Lizzie Deignan delighted with her balance of motherhood and racing

In a typical season, Lizzie Deignan would expect to be getting battered by crosswinds and cobbles at Ghent-Wevelgem on Sunday, or preparing to be caked in rain or dust at Dwars door Vlaanderen and the Tour of Flanders next week.

This year, she gets to spend Mother’s Day at home with her husband Philip and three-year-old daughter Orla. Deignan is going to be spending a lot of time at home over the next 12 months. For the second time in her career, she is taking a temporary break from cycling to have a baby, due in September.

At 33, and given the demands of professional road racing, both physical and in terms of the amount of time spent away from home, some might have expected the imminent arrival of a new member of the family to be the moment Deignan called time on her career. Not least because she herself announced a few years back that she intended to retire post-Tokyo 2020.

But far from it. When she announced her pregnancy last month, Deignan simultaneously announced that she had agreed to a new, extended contract with her team from Ella, Trek-Segafredo, taking her through to the end of 2024. She admits she may not stop there either. She is enjoying herself too much.

“I think I was a bit spoiled before,” she says. “On reflection, I didn’t appreciate how good I had it. I had this idea that I would go to Tokyo [and then retire]. But time seemed to go so much faster in the build-up.

“I don’t know if it was having children, or just getting older, but I was like: ‘Oh my goodness, I’m coming to the point where I said I’d be retiring and I don’t want to. But I also want to have more children.’

“So Phil and I had this conversation after Tokyo where we were like, ‘Are we crazy enough to do this again?’ And the answer was: yes we are.”

Deignan says she is nervous and excited about what lies ahead. In terms of her age, she draws inspiration from the success of women such as Annemiek van Vleuten, who at 39 continues to sweep all before her. But the truth is, she is blazing her own trail of her.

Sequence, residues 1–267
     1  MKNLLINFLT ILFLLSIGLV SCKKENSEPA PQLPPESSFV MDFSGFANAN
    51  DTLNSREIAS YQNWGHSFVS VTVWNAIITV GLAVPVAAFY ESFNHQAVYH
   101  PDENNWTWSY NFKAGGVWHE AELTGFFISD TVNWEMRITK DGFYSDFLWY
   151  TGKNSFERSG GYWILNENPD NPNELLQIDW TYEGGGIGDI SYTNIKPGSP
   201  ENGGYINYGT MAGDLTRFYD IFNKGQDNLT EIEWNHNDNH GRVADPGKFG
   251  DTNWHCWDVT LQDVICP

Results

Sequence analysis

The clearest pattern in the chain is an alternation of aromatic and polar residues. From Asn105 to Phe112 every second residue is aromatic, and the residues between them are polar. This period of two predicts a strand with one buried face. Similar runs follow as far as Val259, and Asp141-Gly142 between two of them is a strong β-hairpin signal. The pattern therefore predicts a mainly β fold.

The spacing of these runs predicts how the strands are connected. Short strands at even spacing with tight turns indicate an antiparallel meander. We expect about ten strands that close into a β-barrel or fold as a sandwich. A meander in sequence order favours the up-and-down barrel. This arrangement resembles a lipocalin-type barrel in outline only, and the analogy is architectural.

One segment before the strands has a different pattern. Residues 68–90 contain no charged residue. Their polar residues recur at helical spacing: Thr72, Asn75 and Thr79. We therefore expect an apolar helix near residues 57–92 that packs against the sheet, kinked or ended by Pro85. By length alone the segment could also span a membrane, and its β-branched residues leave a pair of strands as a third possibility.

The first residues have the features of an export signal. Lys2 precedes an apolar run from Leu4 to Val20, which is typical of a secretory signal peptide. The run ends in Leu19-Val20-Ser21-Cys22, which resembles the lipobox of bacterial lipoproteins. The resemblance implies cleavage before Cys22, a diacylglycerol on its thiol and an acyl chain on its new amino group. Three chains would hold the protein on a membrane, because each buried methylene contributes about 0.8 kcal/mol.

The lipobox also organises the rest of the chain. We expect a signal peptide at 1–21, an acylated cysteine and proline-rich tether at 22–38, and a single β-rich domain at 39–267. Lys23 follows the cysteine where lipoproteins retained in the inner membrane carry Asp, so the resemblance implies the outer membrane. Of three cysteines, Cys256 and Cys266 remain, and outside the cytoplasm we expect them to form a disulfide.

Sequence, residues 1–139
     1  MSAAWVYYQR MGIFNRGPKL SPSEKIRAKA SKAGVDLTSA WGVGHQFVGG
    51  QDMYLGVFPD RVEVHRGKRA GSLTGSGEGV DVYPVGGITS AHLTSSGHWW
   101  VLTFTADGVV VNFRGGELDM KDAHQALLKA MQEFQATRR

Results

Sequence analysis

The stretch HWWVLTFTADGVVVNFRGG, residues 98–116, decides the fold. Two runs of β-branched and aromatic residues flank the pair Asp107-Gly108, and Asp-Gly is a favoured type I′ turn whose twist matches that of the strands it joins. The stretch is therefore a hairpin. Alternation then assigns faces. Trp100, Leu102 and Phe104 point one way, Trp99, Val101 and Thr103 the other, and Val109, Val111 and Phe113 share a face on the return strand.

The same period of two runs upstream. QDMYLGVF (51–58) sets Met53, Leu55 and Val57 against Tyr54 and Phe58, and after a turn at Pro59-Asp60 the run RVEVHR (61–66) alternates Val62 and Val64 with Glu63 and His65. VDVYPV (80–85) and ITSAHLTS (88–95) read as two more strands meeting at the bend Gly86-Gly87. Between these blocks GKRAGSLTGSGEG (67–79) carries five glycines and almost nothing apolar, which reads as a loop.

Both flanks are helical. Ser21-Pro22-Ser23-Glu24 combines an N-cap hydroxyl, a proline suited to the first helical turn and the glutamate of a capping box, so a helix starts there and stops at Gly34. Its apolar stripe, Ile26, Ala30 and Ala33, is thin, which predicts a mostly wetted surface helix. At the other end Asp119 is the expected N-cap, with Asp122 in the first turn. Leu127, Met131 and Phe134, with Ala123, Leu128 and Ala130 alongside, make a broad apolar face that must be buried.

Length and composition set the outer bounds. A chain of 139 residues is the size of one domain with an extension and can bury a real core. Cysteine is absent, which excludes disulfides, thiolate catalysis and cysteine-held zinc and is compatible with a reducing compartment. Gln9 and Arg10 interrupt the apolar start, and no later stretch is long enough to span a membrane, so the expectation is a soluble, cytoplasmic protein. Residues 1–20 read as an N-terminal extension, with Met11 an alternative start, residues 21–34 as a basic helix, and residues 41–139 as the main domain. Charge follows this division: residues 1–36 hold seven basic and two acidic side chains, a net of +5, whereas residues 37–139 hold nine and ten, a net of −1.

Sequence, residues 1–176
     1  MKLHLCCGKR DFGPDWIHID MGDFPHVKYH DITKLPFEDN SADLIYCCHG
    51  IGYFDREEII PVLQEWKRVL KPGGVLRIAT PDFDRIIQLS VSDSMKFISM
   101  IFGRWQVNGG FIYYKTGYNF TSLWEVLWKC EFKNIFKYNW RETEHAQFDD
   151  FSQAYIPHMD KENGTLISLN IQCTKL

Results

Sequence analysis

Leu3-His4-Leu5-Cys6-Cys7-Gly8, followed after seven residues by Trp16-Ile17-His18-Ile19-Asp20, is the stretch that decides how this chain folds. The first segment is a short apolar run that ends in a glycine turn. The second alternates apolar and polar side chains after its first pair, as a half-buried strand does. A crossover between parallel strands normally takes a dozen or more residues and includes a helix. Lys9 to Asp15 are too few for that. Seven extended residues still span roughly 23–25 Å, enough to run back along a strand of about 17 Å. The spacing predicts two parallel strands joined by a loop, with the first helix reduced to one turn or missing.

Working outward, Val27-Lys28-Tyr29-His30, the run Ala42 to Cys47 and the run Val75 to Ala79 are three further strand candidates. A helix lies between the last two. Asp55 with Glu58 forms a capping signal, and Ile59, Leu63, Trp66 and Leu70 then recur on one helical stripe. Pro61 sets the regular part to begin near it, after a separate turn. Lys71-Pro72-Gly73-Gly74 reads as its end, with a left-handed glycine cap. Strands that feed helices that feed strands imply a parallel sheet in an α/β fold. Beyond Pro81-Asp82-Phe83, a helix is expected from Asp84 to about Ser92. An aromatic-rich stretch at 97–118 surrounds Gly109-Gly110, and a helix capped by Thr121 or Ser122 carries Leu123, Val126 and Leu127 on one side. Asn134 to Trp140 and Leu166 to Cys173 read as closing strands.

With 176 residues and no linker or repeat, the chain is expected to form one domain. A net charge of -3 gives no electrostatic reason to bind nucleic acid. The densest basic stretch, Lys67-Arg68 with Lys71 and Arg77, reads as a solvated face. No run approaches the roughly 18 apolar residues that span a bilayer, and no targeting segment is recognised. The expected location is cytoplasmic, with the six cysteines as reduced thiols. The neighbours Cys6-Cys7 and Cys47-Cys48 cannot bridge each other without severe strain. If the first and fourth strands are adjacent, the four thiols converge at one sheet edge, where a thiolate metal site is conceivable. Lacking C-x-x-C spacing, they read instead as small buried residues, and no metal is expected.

You can count the number of mothers in the women’s pro platoon on the fingers of one hand. In fact, you need only one other finger. Italian Marta Bastianelli is the only other WorldTour mum at present.

‘In the next five years, more women will be taking maternity leave’

But times are changing. Deignan’s comeback from her last pregnancy, and success at blue riband races such as the Women’s Tour, La Course by Le Tour and the inaugural women’s Paris-Roubaix last autumn, have made others sit up and notice. You can be a mom and a pro rider.

“Financially it just wasn’t possible for a lot of women before,” Deignan says. “Whereas now, thanks to teams such as Trek who have supported me so well, the contracts are getting better. And the maternity clauses are there. I think in the next five years, there will be more women who do it.

“I was talking to some of my team-mates recently about the fact that I wanted to try and have another baby and they’re like, ‘Well, yeah, why not?’ That in itself is a huge shift compared to what it was like before.”

Deignan believes being British might be a factor in her career choices, too. Although she is one of very few professional road riders who are mothers, there are, of course, other high-profile mums in cycling. Dame Sarah Storey and Dame Laura Kenny to name but two, while Kenny’s team-mate, Elinor Barker, is on maternity leave and plans to focus on road cycling on her return from her.

“It helps having others doing the same thing,” Deignan admits. “And seeing other high-profile athletes such as Jessica Ennis return as good as, if not better, than before. But I also think being a working mum is much more normalized in the UK, certainly compared to some of the cultures I’ve come across. Even in terms of simple things like talking about breastfeeding, which is very normal in the UK. It’s not a big deal. Whereas in other countries, it’s like, ‘Oh, you do that in public?’ ”

Deignan admits she will be sorry to miss the defense of her Paris-Roubaix crown next month, and the inaugural Tour de France Femmes this July, not least because the course suits her. But one gets the impression that the 2012 Olympic silver medalist, who by her own admission fell out of love with the sport after the controversy which blew up on the eve of the Rio Games six years ago, when she nearly received a ban for missing whereabouts tests, is a far more balanced athlete now.

Deign races now because she loves it. “I don’t know how it will go,” she says of juggling two kids and a busy calendar. “I don’t know how difficult the baby will be, or how healthy, or all those things. All I can say is I’m open-minded, less daunted by the journey of getting myself back to fitness than I was the last time, and most of all appreciative of the opportunities I have.

“It’s a privilege for me to think that my children will grow up with a mum who is doing a job she loves. Not everyone gets that. I hope it inspires them to try to do something they love.”

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George Holan

George Holan is chief editor at Plainsmen Post and has articles published in many notable publications in the last decade.

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